The projections of the Einstein tensor is then given by Gauss’ theorem and the Codazzi equation:

,

,

Defining the operation , the Einstein field equations are given by the Lanczos equation:

,

where results from defining an energy-momentum tensor across the boundary, and computing

.

The remaining dynamical equations are then given by

,

and

,

with the constraints:

.

.

**Therefore:**

- If black holes exist, then by Birkhoff’s theorem, the spacetime external to the black hole source must be spherically symmetric and static, and
*cannot*represent our universe. - Perhaps, a more viable model for our universe is then a
*spatially inhomogeneous*universe on the level of Lemaitre-Tolman-Bondi, Swiss-Cheese, the set of cosmologies, etc… The advantage of these models, particular in the case of Swiss-Cheese universes is that one does not need to postulate a hypothetical dark energy to explain the accelerated expansion of the universe, this naturally comes out out of such models.

Under a more general inhomogeneous cosmology, the Einstein field equations now take the form:

**Raychauhduri’s Equation:**

**Shear Propagation Equation:**

**Vorticity Propagation Equation:**

**Constraint Equations:**

,

,

.

**Matter Evolution Equations through the Bianchi identities:**

,

.

**One also has evolution equations for the Weyl curvature tensors and , these can be found in Ellis’ Cargese Lectures. **

Despite the fact that these modifications are absolutely necessary if one is to take seriously the notion that our universe has black holes in it, most astronomers and indeed most astrophysics courses continue to use the simpler versions assuming that the universe is spatially homogeneous and isotropic, which contradicts by definition the notion of black holes existing in our universe.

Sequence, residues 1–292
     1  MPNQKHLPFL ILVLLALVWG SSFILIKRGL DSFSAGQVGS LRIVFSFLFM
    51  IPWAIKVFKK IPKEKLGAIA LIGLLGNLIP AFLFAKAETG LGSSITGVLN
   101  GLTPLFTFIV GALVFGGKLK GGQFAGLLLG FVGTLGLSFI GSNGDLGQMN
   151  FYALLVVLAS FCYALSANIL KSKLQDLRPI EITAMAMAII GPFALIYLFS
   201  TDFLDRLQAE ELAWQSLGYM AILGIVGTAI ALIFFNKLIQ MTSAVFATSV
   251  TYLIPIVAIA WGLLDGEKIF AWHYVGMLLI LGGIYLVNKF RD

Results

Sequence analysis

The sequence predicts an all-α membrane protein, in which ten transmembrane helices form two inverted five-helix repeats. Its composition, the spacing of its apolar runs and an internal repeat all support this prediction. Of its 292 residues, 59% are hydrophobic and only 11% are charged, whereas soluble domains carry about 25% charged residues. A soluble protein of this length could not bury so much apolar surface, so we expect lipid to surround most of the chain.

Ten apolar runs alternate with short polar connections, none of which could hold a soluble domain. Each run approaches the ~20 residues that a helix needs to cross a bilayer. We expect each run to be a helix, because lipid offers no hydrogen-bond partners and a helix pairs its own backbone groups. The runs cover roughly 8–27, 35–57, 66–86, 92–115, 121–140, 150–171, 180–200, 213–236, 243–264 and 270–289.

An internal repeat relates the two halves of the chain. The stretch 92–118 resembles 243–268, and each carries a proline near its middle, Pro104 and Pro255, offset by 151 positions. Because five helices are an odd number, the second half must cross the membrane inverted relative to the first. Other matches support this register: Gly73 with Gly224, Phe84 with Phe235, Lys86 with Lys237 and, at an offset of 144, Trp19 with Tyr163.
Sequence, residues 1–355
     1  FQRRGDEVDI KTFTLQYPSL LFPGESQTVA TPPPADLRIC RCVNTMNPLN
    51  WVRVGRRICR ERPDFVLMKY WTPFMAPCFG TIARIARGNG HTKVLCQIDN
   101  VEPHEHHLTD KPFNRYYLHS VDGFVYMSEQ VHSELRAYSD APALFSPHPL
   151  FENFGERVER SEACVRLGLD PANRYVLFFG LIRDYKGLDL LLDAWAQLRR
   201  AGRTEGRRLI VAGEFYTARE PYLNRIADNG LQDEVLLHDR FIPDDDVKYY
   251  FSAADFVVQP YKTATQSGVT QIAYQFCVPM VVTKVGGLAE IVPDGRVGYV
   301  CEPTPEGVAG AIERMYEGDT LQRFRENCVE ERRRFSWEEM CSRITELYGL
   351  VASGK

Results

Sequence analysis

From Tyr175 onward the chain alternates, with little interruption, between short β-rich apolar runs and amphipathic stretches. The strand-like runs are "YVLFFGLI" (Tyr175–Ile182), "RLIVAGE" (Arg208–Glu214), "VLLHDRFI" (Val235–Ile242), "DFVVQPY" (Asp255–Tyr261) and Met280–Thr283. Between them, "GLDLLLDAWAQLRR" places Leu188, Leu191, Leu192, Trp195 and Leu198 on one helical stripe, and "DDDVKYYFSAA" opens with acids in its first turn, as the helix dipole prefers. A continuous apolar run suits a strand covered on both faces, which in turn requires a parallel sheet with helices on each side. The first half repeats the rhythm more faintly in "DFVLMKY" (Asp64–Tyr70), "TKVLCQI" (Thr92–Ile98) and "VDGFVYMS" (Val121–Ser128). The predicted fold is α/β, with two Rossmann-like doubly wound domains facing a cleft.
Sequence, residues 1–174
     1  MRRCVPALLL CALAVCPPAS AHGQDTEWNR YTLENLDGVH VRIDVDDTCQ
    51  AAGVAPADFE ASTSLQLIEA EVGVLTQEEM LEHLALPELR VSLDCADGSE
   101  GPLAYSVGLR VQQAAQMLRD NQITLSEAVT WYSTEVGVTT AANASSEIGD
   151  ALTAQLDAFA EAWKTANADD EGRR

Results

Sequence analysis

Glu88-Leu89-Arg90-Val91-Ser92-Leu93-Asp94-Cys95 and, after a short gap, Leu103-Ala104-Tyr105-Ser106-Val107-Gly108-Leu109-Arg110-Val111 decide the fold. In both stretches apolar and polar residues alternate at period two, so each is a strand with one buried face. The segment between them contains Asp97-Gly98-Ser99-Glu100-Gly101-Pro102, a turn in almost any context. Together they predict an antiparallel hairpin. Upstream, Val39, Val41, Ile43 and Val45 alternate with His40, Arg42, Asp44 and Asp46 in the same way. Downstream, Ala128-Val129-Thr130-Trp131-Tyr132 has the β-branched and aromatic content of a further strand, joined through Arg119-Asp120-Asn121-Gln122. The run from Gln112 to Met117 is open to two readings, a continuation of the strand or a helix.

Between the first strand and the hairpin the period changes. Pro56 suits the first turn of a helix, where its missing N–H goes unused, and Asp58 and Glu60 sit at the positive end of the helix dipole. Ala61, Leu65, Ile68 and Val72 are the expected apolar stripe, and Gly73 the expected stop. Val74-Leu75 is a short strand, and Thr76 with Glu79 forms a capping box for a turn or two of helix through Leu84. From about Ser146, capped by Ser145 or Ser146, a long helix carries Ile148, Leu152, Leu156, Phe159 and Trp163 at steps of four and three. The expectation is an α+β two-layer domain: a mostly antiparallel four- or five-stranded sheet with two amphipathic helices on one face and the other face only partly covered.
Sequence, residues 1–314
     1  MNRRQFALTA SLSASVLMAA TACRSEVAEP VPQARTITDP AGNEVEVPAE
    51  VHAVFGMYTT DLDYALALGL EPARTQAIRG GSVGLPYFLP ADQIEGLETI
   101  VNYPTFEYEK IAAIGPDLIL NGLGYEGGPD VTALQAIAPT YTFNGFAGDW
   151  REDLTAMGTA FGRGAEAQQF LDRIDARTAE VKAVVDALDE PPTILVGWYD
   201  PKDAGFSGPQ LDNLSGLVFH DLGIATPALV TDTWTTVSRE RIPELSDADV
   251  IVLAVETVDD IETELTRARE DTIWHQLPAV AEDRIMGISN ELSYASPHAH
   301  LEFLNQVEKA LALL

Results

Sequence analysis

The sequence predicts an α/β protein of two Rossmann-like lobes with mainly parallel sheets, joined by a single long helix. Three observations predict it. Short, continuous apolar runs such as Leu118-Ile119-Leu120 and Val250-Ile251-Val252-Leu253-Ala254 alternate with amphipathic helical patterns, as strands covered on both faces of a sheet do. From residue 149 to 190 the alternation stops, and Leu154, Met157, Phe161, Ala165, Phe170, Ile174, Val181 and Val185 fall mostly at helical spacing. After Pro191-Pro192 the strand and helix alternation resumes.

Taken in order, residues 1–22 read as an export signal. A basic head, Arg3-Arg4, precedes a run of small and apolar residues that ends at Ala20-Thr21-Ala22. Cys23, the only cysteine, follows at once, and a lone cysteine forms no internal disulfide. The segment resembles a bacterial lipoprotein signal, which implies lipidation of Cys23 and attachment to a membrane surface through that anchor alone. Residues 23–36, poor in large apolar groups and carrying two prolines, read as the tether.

## 2 replies on “Black Holes, Black Holes Everywhere”

Oh my god, that stress-energy tensor defined across the boundary trick is amazing. I love that. I wish I knew GR formalism better. It seemed like there were separate field equations for both regions and another field equation for the boundary using the boundary stress-energy tensor. What is the physical meaning of that border stress-energy tensor, is it uniquely determined by the stress energy tensor of the two spacetime regions? I’m not sure Black Holes are just a mathematical singularity. Like with the singularities in any theory it’s up to physicists to find out what nature is telling us with those singularities. I mean a black hole has a physical meaning too right? Like the electron degeneracy pressure, baryon degeneracy pressures that normally fight the gravity pushing the star inwards actually contribute to the gravitational force because pressure is momentum flux in GR. My physical understanding of why GR creates these singularities is because the pressures that keep a star from collapsing actually generate more gravity by contributing more momentum=energy=mass to the field equation further curving the spacetime. In Newtonian gravity we only care about mass, so the star’s thermal pressure, and other internal forces would just outweigh gravity. But in GR those pressures actually create more gravity and under certain circumstances the gravity will win against all these pressures. I though black holes made perfect physical sense in addition to their mathematical existence.

There are also qft attempts to explain expansion acceleration. Most theories try to get the ground state of the vacuum and compare it to cosmological constants. No dice for most of them, they just get intractable infinities. No quantum gravity today! But some of the lattice theories that cut off space time at the Plank length seem promising in garnering a quantum vacuum ground state that provides expansion fuel.